4. Discussion

This is the first time that the relevance of the marker system ‘CoV-MAC-TED’, which is based on a relatively small set of key genes, was validated in primary human target nose cells for respiratory SARS-CoV-2 infections. It is also the first time that this approach was tested for two SARS-CoV-2 variants, which are associated with differences in clinical effects [48,49].
Our analyses have been performed in public RNA sequencing data provided from experiments with human NECs described in Tan et al. [58] and Gamage et al. [48]. Thus, these authors’ results and conclusions helped us to validate the relevance of our key marker candidate approach. Transcriptome accumulation of the selected set of ‘ReprogVirus’ genes showed a similar performance of ‘CoV-MAC-TED’ in human NECs infected by the originally discovered SARS-CoV-2 virus compared to infection by SARS-CoV-2 Δ382. In this aspect, our results agree with the conclusions drawn by Gamage et al. [48]. In addition, our observation that both virus variants induced cell cycle activator E2F1 to the highest transcript levels at 8 hpi among all tested genes and times is in good agreement with the results of Gamage et al. [48]. These authors highlighted enhanced numbers of transcription factor E2F targets during early virus infections and a decrease over time combined with high activity related to cell cycle checkpoint G2M.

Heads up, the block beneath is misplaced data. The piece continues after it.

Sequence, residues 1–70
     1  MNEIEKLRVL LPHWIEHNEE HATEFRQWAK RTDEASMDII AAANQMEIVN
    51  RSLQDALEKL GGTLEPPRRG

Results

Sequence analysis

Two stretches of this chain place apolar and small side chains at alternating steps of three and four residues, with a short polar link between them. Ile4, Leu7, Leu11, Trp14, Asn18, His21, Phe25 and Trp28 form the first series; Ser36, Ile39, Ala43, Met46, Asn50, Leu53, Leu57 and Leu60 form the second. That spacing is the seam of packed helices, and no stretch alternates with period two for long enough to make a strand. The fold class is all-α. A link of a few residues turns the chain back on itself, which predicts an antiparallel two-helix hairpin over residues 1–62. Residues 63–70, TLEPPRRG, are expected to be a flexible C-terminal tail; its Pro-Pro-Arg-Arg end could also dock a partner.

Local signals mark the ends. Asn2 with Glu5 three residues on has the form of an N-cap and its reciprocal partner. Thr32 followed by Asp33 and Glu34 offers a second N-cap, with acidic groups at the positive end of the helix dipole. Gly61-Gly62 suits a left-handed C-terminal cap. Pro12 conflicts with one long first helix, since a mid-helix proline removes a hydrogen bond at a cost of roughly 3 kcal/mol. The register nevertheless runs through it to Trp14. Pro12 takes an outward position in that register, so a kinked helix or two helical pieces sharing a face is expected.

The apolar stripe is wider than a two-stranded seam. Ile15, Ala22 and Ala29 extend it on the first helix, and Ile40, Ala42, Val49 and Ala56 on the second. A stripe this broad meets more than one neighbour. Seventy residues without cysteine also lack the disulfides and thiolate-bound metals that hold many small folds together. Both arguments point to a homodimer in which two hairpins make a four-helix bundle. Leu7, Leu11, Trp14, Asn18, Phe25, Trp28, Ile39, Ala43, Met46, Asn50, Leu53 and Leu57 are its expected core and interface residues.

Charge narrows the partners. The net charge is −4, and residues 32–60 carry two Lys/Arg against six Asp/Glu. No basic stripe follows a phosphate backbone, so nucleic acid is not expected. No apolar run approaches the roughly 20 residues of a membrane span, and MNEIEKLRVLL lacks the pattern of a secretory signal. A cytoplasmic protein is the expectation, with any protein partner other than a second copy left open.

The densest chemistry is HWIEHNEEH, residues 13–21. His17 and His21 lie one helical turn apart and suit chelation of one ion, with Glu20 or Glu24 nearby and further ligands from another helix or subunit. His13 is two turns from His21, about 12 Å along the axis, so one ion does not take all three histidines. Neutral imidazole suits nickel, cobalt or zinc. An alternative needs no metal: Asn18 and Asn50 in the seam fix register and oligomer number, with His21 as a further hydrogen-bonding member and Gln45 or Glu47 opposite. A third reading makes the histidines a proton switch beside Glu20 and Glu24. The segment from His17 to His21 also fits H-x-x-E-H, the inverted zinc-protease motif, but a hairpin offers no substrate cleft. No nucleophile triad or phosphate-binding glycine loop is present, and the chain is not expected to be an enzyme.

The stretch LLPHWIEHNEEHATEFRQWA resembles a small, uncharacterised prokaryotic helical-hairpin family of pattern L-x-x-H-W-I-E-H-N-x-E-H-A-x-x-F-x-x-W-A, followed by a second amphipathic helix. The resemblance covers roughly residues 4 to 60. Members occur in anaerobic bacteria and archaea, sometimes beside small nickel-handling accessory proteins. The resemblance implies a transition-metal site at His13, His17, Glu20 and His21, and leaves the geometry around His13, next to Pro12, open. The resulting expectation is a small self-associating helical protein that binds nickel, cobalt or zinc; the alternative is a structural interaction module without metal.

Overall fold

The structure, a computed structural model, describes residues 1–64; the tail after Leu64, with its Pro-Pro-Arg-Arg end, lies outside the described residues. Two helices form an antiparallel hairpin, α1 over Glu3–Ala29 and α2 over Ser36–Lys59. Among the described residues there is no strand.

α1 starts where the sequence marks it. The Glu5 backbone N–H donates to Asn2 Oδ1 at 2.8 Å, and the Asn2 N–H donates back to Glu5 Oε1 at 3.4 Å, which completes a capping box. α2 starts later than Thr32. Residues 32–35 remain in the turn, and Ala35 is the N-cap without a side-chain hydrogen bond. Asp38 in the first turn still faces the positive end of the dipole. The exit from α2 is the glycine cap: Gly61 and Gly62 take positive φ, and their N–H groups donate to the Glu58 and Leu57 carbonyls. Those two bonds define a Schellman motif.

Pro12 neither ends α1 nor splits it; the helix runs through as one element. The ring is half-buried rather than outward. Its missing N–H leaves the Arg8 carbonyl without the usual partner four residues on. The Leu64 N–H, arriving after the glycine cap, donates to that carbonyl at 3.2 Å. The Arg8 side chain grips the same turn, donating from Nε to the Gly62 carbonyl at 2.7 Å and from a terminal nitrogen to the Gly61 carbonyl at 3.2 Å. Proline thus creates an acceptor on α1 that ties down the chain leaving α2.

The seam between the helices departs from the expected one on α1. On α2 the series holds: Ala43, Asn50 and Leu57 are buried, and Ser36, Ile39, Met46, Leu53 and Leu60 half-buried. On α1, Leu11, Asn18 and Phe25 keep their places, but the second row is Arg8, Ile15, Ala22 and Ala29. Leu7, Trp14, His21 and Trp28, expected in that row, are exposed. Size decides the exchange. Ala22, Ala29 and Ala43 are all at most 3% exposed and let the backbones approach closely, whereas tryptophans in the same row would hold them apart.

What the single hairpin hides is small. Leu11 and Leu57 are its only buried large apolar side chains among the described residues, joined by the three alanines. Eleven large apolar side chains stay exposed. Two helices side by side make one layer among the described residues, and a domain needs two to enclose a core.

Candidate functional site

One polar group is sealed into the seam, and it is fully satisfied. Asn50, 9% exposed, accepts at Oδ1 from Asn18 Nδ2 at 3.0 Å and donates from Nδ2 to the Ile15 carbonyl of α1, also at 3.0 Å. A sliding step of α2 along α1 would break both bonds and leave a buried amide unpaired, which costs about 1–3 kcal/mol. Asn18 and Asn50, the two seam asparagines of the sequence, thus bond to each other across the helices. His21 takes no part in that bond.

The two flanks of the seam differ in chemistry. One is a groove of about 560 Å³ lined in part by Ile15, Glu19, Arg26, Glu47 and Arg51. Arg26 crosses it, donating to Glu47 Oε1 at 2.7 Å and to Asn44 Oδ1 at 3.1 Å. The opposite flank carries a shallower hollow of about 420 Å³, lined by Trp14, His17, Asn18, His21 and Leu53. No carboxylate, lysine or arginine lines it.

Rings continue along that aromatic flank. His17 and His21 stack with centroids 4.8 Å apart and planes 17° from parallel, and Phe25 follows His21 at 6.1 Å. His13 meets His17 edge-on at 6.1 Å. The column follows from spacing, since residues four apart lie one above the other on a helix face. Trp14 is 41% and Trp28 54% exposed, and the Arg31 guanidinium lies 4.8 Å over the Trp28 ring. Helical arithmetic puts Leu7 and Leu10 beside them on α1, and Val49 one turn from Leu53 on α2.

However, applying CoV-MAC-TED also indicated differences between both SARS-CoV-2 variants. The complex marker components revealed virus-induced ROS/RNS de-balancing, differential glycolysis, fermentation and cell cycle regulation that pointed to delayed cell response and cell cycle arrest for the mutant, which connected to delayed virus propagation. Interestingly, a delay in cell cycle arrest was also indicated for one of three cell origins (cells from donator 1), which pointed to the relevance of lower levels of glycolysis and aerobic fermentation for postponing virus replication (Figure 2).